Will the new 1520 radio talk to the old 1510? I'm in the middle of installing the whole wireless network, I got about half of them up and running. Now I found out that 1510 is end of life and being replace by 1520. Just want to make sure they will talk to each other.
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I'm very experienced with this. I have several networks mixing both 1510 and 1522 series. (200+ radios in one). It used to be true that the 1522 had to be the RAP, but this is no longer the case. You can mix and match all you want. Just remember the basic differences in mesh data rate between them. And of course, neither series will talk to a 1505.
A side note- Keep in mind that all these radios currently mesh on ~5 GHz and this does not work well at all if you have trees. You will need to have quite a few more access points than you think, possibly as many as 50 per square mile (or more).
Also- The antennas on the 1510 point down, while at least one on the 1522 must point up. This is the 5 GHz one. The other 3 are for 2.4 and only one on the bottom is truly needed (unless you want the MISO (Multiple In Single Out) feature. This antenna sticking up will intrude into the 40 inch clearance required by the electircal code, so you won't be able to mount them as high as you perhaps thought you could. The radio with the cable modem mounts on a strand and has all the antennas pointing down, though.
Of course if you are lucky enough to actually have the power company allow you to mount them on the street lights themselves then pat yourself on the back! In about half of my cases, I have to add another street light arm lower and only for the radio or forget the power pole altogether and put up a metal pole for the radio.
I have learned a lot about outdoor mesh applications and troubleshooting from all my Cisco mesh projects as well as my projects for Earthlink. I was one of the main field engineers for their mesh systems with 300 to 10,000+ radios each. Although they were from a different manufacturer, the basic idea is pretty much the same.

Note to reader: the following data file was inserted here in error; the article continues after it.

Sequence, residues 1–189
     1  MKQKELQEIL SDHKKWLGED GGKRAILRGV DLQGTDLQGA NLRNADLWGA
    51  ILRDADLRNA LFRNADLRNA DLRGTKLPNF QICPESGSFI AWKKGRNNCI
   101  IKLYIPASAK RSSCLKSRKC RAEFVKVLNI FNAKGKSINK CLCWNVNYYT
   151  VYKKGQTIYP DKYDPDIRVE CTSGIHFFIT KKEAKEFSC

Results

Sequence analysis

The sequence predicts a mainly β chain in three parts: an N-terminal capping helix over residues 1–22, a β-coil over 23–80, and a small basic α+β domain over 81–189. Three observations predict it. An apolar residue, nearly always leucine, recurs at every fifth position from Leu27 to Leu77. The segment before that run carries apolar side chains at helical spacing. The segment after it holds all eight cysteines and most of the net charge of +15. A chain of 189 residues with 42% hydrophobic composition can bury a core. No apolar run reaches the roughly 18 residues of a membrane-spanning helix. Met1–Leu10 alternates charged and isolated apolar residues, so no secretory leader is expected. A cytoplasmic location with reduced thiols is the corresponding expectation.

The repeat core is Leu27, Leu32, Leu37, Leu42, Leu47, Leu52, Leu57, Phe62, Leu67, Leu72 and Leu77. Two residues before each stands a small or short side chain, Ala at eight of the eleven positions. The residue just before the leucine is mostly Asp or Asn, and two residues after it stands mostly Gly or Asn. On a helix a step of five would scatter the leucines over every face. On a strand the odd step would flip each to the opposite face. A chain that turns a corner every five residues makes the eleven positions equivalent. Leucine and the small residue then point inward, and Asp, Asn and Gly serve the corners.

Feel free to ask questions if you want.
Good post Ralph! What do you think about Cisco loosening the noose on the guys deploying smaller networks. I am definitely against it. I think that you can either design these networks or not. If you can configure one AP then you can configure many APs. That doesn't mean you can build a good outdoor MESH network. The problem is the average WiFi engineer doesn't know enough about complex RF to deploy in the outdoor areas. They don't understand link margins, fresnel calculations, free path loss, doppler shift, clutter data, electrical codes, public relations, and last but not least the politics involved around large municipal deployments. I think Cisco has created themselves a support mess by doing this. We now have 5 MESH engineers on staff, RCDDs to cover our electrical code issues, and an installation team that has installed these in several cities and campuses around the country. We use state of the art planning tools based around clutter data. What I am getting at is that this MESH practice cost us a lot in time, money and manpower to do the job right and now we have anybody able to one auth a small town which you know is 90% of the market place. This is truly an ATP technology and should've stayed that way.
In your experience what is the type of distances that you expect in an urban area RAP-MAP and MAP-MAP.
I have looked at the AP Link Calculator for the 1522 and read the design guides which seem to be US centric in terms of distances. The calculator is giving distances of around 140m (MAP-MAP) but 100m for backhaul.
I have done some initial survey work and this seems to be roughly correct. I was hoping for greater distances based on the design guide.
BTW I am in the EU domain.